ISSN 2330-717X

Albania, Kosovo, Bosnia Deny Sending ‘Mercenaries’ To Ukraine


By Perparim Isufi and Fjori Sinoruka


Officials of Albania, Kosovo and Bosnia and Herzegovina have rejected claims made by Russian Foreign Minister Sergei Lavrov that these countries are sending “mercenaries” to fight in Ukraine, where there are fears of a Russian invasion.

Moscow-based news agency Russia Today quoted Lavrov on Friday as saying that they are working to verify information about “mercenaries” from Albania, Kosovo and Bosnia going to Ukraine.

“Kosovo and some other parts of the Western Balkans are becoming a hotbed of crime. There are terrorists, drug dealers. Mercenaries are recruited there for military conflicts ignited by the US, among others,” Lavrov said.

“There is information that militants from Kosovo, Albania, and Bosnia and Herzegovina are being recruited to knock Russia off balance, which includes sending them to Donbass [in eastern Ukraine],” he added.

In all three Balkan countries, Lavrov’s comments baffled and outraged officials.


Blerim Vela, chief of staff to the President of Kosovo, on Twitter dismissed the comments as a “fake news alert”.

“Russian FM Lavrov’s false accusation that Kosovo is providing mercenaries to Donbass is part and parcel of a disinformation campaign that seeks to justify military aggression against Ukraine. Kosovo stands with its allies and Ukraine in defending freedom and democracy,” Vela wrote.

In Albania, ruling Socialist MP Pandeli Majko, a former Prime Minister, said the comments were “unprecedented”. He also noted: “Indian TV Channel WION has done a chronicle about the map of the ethnic background of volunteers who have gone to help Ukraine.”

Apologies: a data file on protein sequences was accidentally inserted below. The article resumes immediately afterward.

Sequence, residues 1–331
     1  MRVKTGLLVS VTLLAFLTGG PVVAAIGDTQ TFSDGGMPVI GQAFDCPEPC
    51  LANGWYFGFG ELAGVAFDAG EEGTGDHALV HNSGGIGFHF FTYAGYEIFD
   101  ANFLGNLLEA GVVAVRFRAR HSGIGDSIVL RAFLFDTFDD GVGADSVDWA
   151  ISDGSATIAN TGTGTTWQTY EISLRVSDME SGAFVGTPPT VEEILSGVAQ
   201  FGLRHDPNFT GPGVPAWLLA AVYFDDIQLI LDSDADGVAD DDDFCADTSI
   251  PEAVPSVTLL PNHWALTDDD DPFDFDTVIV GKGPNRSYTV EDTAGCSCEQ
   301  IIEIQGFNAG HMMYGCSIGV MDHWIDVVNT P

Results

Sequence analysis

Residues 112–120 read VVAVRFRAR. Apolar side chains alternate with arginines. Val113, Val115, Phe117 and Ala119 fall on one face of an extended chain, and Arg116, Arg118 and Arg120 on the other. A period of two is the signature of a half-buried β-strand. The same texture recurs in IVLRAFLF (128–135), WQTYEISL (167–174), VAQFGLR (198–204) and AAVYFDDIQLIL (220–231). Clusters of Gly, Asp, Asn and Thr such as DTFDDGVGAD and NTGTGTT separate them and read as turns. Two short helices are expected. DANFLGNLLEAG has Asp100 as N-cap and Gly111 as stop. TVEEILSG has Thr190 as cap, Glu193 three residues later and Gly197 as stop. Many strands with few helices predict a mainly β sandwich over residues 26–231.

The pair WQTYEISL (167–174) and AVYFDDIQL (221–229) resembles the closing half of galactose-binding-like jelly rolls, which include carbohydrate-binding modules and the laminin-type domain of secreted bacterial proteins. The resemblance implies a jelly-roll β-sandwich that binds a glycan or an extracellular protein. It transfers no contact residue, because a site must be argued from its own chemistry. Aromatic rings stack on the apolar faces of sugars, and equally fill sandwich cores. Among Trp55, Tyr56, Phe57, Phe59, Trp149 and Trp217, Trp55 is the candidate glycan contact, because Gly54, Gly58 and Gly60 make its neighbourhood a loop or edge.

BIRN asked the Kosovo and Albania governments to comment on Lavrov’s allegations but neither replied by time of publication.

Bosnia’s Security Ministry said that, according to available data, no citizen of Bosnia had gone to fight alongside Ukrainian forces.

“We will send an official inquiry to Russia’s embassy in Sarajevo about this statement. If Lavrov has some information on such activities in Bosnia, I hope that, before revealing it, he shares them with our security services,” Bisera Turkovic, Bosnian Foreign Minister, said ironically on Friday.

Balkan Insight

The Balkan Insight (fornerkt the Balkin Investigative Reporting Network, BIRN) is a close group of editors and trainers that enables journalists in the region to produce in-depth analytical and investigative journalism on complex political, economic and social themes. BIRN emerged from the Balkan programme of the Institute for War & Peace Reporting, IWPR, in 2005. The original IWPR Balkans team was mandated to localise that programme and make it sustainable, in light of changing realities in the region and the maturity of the IWPR intervention. Since then, its work in publishing, media training and public debate activities has become synonymous with quality, reliability and impartiality. A fully-independent and local network, it is now developing as an efficient and self-sustainable regional institution to enhance the capacity for journalism that pushes for public debate on European-oriented political and economic reform.

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